Last month, TalkTalk disclosed that they been the victim of a cyber attack on its website. Initial disclosures indicated that up to 4 million customer records could have been affected, but this was later revised to just short of 157,000. Shortly after the public notification of the attack, data appeared on sharing sites and advertisements for the data on dark web marketplaces. Several arrests have since been made in the UK and Northern Ireland in relation to the investigation.

On 20 November, a dark web user published a file that claimed to contain data pertaining to the TalkTalk breach. The file contained 249 records, including names and associated dates of birth, addresses, email addresses, telephone numbers, bank account details and what appear to be details of TalkTalk customers and transactions. The user provides contact details, including instant messaging details, a Tor email, Internet Relay Chat (IRC) details and links to a marketplace profile on “Python Market” — a criminal marketplace.

Review of the user profile on Python Market shows the user had registered on 05 November 2015 and was last active on 26 November with two sales. The user also claims to hold data from several other previous breaches, including high-profile public breaches, such as the Adult Friend Finder and data from a large cable provider, so there is a realistic possibility that the data has not been initially acquired by the user, but was aggregated for sale.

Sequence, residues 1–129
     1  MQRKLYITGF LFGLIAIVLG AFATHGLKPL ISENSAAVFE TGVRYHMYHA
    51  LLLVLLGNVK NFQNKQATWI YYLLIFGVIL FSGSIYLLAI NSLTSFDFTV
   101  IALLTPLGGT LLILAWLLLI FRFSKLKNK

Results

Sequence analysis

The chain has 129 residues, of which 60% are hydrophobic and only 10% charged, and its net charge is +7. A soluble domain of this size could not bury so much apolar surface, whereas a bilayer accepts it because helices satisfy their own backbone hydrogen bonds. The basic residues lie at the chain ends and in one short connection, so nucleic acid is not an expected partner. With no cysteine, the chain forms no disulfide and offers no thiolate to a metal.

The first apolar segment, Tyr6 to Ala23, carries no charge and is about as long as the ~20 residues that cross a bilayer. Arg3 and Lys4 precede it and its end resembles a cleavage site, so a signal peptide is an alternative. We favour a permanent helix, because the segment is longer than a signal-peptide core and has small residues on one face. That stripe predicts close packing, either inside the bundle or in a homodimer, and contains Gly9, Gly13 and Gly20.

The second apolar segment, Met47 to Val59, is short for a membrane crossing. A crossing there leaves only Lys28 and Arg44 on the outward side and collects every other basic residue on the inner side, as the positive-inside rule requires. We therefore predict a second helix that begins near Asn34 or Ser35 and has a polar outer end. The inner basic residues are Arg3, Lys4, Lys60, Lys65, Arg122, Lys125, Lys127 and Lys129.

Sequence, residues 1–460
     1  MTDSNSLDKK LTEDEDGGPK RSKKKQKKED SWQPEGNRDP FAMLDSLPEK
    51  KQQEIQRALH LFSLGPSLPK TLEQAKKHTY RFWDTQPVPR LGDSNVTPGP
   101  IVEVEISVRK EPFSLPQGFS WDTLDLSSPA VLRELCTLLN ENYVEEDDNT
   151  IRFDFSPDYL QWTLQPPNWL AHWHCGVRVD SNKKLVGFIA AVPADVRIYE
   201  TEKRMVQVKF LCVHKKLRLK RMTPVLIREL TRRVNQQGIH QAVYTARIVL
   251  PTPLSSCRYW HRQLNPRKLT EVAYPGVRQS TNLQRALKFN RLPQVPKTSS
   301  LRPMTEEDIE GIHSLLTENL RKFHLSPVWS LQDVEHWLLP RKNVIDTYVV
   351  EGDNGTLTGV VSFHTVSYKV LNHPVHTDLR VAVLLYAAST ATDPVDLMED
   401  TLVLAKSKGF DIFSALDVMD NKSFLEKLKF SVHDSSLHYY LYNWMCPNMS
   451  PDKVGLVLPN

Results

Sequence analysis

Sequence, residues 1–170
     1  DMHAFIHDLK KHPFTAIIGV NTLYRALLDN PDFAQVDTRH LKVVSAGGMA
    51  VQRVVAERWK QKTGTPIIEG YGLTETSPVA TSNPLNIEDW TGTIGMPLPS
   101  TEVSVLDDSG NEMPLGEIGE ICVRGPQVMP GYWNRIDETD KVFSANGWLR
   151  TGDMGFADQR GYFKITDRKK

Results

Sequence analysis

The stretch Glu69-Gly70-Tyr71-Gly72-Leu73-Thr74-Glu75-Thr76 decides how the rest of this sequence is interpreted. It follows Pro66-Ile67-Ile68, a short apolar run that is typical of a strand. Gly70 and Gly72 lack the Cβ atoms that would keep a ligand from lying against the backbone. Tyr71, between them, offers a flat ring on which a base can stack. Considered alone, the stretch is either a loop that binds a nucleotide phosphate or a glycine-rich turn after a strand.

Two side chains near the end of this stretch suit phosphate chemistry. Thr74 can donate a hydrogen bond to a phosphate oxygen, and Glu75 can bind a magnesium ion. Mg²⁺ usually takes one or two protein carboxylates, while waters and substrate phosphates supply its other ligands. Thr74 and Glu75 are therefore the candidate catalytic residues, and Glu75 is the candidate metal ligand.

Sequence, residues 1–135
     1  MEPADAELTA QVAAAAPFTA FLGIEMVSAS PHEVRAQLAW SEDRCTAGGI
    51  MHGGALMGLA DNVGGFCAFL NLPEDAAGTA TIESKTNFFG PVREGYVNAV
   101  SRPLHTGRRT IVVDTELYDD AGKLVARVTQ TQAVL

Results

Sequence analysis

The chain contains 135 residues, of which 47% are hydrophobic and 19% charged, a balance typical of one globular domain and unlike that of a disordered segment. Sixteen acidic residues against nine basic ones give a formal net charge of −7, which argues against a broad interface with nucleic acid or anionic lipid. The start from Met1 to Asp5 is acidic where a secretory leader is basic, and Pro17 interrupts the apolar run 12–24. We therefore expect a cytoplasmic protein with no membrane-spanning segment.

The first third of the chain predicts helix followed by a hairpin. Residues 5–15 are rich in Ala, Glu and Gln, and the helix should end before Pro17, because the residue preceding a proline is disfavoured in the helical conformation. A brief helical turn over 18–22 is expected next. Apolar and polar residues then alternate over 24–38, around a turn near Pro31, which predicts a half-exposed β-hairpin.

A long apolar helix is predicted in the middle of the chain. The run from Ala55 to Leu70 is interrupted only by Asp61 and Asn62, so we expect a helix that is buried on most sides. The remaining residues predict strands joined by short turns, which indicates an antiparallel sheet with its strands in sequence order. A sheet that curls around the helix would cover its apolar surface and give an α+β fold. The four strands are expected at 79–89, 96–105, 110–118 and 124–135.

Initial review of the alleged TalkTalk data leads us to assess a realistic possibility that the data is authentic. The data fields provided match what TalkTalk have stated were compromised and open source research against a sample of the data suggests that the emails relate to real world entities, and that they have not been re-purposed from previous breaches. The data also included references to legitimate TalkTalk plans and voucher codes. Judging by the level of detail in the records, we assess that this information would be complex to fabricate.

If the data is indeed authentic, then it is indicative that at least some of the data compromised as part of the TalkTalk attacks in late October 2015 has been distributed and is being used and likely sold to others in the criminal marketplace. This data contains enough information for attackers to gather further information about victims, make approaches through telephone calls and emails, attempt social engineering attacks to obtain further PII or send unsolicited email for the purposes of spam or malware infection.